Forget The ABC

Photo: Sue Vincent

 

“If you knew where it goes, would you follow?”

Efran peeked down the leaf-strewn stone shaft and rough steps. “I can see where it goes,” he pointed. “There.”

Jerow shook his head. It could be difficult to know with Efran, whose disposition tended to be ebullient to the point of daft, whether the lad was deliberately vexing or totally clueless. “Yes, you see what looks like the bottom of the stairs, but what’s behind it? Where does it go?”

Efran took anther step and leaned closer to the crack between the stones, absentmindedly pushing back the locks of hair that forever escaped out of his braid. “Well, only one way to know.”

“Wait,” Jerow reached for Efran’s arm. He glanced behind him toward the encampment they’d wandered away from. The trees obscured it. Unless others were stretching restless legs while the elders deliberated the day’s route over morning tea, no one would know where they are. “Shouldn’t we tell someones?”

“Why? So they open a whole new round of discussions about who should be allowed to go down there first and at what auspicious hour?”

Jerow had to admit Efran had a point. If the elders knew about this, they’d probably find reason to forbid it, and if they didn’t know about this, they’d forbid it all the more. Probably claim ABC and CBC.

“Advice Before Carelessness” and “Caution Before Curiosity” were endlessly drilled and just as often resented. How was anyone to learn anything new or do anything exciting if inevitable delays always took precedent to investigation?

Still, he wondered if in this particular case there was merit to at least asking before launching oneself into a crack in the ground. They were, after all, in what everyone knew were haunted territories. He looked around again, almost hoping for someone to stop them.

“Forget the ABC!” Efran dropped his feet onto the steps and used his arms to brace against the narrow walls. “I want to see! Stick to your letters or come with me!”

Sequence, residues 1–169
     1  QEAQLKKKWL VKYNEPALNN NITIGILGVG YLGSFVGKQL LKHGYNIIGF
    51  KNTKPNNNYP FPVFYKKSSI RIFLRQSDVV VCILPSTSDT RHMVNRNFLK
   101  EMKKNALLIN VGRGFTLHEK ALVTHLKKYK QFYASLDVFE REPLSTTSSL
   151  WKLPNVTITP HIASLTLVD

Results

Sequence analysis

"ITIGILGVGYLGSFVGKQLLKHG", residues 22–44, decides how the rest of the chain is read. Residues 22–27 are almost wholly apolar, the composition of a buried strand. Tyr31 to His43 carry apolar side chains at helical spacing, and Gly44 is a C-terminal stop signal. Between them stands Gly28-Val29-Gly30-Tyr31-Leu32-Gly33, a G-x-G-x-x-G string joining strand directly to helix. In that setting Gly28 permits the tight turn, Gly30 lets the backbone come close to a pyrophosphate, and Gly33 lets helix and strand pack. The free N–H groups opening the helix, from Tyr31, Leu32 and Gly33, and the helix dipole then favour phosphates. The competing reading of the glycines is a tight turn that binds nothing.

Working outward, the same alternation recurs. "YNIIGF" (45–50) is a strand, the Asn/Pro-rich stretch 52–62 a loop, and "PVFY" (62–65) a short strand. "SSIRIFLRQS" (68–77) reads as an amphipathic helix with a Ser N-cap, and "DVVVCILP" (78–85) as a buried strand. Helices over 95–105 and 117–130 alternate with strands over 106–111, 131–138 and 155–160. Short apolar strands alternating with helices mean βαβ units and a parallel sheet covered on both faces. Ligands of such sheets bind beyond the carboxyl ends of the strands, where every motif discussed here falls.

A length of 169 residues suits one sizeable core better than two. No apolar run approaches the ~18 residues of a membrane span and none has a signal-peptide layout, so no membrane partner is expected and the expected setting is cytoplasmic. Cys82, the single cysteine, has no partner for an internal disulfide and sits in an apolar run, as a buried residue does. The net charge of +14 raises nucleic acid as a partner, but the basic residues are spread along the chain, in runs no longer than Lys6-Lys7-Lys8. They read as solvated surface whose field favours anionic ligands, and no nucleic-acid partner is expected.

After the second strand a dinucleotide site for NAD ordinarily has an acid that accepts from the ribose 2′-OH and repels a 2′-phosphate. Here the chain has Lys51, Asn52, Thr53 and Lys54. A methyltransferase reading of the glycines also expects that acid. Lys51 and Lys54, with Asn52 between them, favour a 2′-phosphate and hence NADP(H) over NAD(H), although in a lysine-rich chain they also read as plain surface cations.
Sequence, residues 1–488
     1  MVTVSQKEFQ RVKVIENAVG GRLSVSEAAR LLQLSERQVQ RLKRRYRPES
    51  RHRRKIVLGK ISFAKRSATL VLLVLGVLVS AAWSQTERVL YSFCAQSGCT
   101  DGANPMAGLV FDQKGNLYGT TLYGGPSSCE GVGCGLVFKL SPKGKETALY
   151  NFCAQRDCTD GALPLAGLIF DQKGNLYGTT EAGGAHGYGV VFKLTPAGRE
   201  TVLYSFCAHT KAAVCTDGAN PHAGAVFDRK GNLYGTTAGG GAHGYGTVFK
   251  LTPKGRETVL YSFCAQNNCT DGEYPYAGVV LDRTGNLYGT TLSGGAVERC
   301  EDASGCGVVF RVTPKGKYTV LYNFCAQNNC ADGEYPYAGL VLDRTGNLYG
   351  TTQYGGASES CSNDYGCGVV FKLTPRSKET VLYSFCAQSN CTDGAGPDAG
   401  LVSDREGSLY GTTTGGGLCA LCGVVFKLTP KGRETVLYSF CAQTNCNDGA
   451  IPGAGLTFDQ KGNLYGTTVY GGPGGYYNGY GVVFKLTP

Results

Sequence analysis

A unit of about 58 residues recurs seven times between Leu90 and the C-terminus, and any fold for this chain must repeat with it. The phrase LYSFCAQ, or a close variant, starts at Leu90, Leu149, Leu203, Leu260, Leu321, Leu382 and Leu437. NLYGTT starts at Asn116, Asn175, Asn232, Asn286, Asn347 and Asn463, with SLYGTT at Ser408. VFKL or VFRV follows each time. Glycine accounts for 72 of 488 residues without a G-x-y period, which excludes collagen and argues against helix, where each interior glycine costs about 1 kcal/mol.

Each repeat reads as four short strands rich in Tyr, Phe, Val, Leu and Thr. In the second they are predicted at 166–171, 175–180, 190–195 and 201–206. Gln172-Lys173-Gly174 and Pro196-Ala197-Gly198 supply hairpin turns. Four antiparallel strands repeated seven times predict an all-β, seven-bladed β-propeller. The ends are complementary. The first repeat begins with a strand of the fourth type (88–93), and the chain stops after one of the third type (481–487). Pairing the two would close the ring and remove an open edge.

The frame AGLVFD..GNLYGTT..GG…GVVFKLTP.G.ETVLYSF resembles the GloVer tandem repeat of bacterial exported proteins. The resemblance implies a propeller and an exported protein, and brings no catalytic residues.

For Sue Vincent’s WritePhoto

 

 

Writing Voyage

writing voyage1

People ask me, “Why do you write?” and my inner retort often feels like: “Why do you not?”

I don’t usually reply this aloud, however. I realize that such deflection is far from giving an answer, and that there are probably as many reasons to write as there are not to. Belonging to the former group, I cannot imagine life without words put down on paper and/or screen, even if I know it is not the only way to live. So it stands to reason that there would be those from the latter group who find in quite confounding to imagine why one would want to type letters onto screens for recreation.

Why then, do I write?

Beyond the obvious to me “because I do …”, my answer varies, but it often returns to “because it feels as natural as breathing and just as necessary.” Writing is essential to me. It feels like home. It is the place of flow, even if not always of comfort. Writing takes me places that I never knew I would be visiting, into mind-nooks and crannies I’ve forgotten I had known and some that I never owned and yet somehow remember. Writing deepens how I think, what I comprehend, how I understand it. It plumbs my heart for meaning and compassion, it weaves my thoughts so that they make a tapestry from smallish bits of living. Words offer vistas that lie hidden under the everyday, patiently (and not so patiently) waiting to be breathed onto page and screen.

 To me writing is often fun. The best kind of delight, when I am immersed and floating down creative currents. Though some parts of writing can be tedious, they are to me never boring. Words paint pictures within me. They have me revisit. They bring alive people and places. They animate thoughts, realities, events, suspense and resolution. More than anything, writing surprises me. It is as if stories unfold and I am naught but the typist of their unveiling, a tool for their formation.

I write because I can, and because it seems impossible not to.

As Miller said, “writing is, like life, a voyage of discovery” and it is one to which I do not want to say good-bye.

If you, reading this, write: would you share why?